"If the price for safeguarding legitimacy is my blood, then I am prepared to sacrifice my blood for the cause of safety and legitimacy of this homeland."
These words were part of the last speech by former Egyptian President Mohamed Morsi before the army overthrew him on July 3, 2013.
Morsi didn't use these words as a slogan to serve his political agenda but sacrificed a lot in defense of the Egyptian people’s choice of him as president in free and transparent elections.
Morsi, a leading member of Egypt's Muslim Brotherhood, won Egypt's first free presidential election in 2012.
After only a year in office, however, he was ousted and imprisoned in a bloody military coup led by then defense minister and current president Abdel Fattah el-Sisi.
At the time of his death, Morsi faced a host of legal charges, which he, along with numerous human rights groups and independent observers, said were politically motivated.
Morsi was born on Aug. 8, 1951 in the village of El Adwah in northern Egypt’s Al-Sharqia Governorate.
He grew up in a simple family. His father was a farmer and his mother was a housewife. He married in 1978 and has five children and three grandchildren.
Morsi moved to Cairo to study Engineering at Cairo University from 1970 to 1975 and graduated with high honors before being appointed as a lecturer. He obtained his Master’s degree in metallurgical engineering in 1978.
That same year, he won a scholarship to study in the United States and received a PhD in materials science from the University of Southern California in 1982.
While in the U.S., he became assistant professor at California State University, Northridge from 1982-1985. He also worked with NASA in the early 1980s to help develop Space Shuttle engines.
In 1985, he returned to Egypt and became a professor at Zagazig University, where he was appointed head of the engineering department and served there as a lecturer until 2010.
He was later elected as a member of the Anti-Zionist Committee and was a founding member of the Egyptian Resist the Zionist Project Committee.
In 2000, he was elected as a member of the Egyptian Parliament for the Muslim Brotherhood and was the head of its parliamentary bloc and its spokesman.
Morsi was one of the most active members of Parliament, serving in that role from 2000-2005.
He co-founded the National Association for Change in 2004 and the Egyptian Association for Change in partnership with famed Egyptian figure Mohamed ElBaradei in 2010, which played a pivotal role in preparing for the Egyptian revolution that led to the ouster of former President Hosni Mubarak in 2011.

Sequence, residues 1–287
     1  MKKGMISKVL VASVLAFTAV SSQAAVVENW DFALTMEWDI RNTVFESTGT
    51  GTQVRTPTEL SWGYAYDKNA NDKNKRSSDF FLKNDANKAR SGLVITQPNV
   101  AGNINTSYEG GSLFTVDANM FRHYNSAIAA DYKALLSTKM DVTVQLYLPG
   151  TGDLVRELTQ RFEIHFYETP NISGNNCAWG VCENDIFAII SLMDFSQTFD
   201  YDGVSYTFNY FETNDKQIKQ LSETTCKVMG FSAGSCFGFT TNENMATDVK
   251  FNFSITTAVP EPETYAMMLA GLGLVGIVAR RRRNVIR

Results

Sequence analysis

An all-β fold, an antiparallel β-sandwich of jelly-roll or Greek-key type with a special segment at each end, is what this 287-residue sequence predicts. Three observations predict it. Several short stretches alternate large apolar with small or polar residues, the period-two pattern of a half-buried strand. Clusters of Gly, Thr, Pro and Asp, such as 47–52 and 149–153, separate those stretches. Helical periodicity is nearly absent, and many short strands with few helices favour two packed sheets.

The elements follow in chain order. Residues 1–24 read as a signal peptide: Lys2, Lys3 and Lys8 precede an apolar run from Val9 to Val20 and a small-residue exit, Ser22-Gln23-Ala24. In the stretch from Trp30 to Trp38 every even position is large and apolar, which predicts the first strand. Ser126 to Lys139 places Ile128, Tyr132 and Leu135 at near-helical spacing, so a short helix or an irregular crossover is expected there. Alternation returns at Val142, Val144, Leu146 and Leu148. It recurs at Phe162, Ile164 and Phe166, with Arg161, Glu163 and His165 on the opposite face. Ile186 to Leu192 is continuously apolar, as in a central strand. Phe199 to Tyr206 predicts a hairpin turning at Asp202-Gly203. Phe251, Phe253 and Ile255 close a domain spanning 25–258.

The Mubarak regime arrested him for his role in the association before he was liberated by the Egyptian masses days before Mubarak was toppled.
Muslim Brotherhood leader
Morsi co-founded the Freedom and Justice Party, the political arm of the Muslim Brotherhood, as well as the Democratic Alliance, which included many parties.
On April 30, 2011, the Shura Council of the Muslim Brotherhood elected him as chairman of the Freedom and Justice Party alongside Issam al-Erian as his deputy and Mohammad Saad Al-Katatni as party secretary.
Morsi won the first post-revolution presidential election in 2012, becoming Egypt's first democratically elected civilian president and fifth president of the republic.
The following year, Egypt witnessed anti-Morsi protests before then Egyptian defense minister and current president Abdel Fattah el-Sisi overthrew him in a military coup.
Morsi faced a host of charges since he was ousted and imprisoned.
There were six charges against the former leader, including "jailbreak, murder, spying for Qatar, spying for Hamas and Hezbollah, insulting the judiciary and involvement in terrorism".
Morsi’s family along with local and international organizations repeatedly complained about his worsening health conditions in prison and his solitary confinement. All of these appeals were ignored by the Egyptian authorities.
Abdel-Monem Abdel-Maqsoud, a lawyer for the former president, said the defense team received the news of his death from other defendants who were with him during the session.
"President Morsi was moved from the court, and we didn't know his location as we were following the procedures after the demise," he said.
Abdel-Maqsoud added that Morsi said during his last trial that he would remain proud of his country despite "the injustice he suffered" after the coup.
"I know secrets that I won't reveal for the sake of my country's security," Morsi was quoted by his lawyer as saying.
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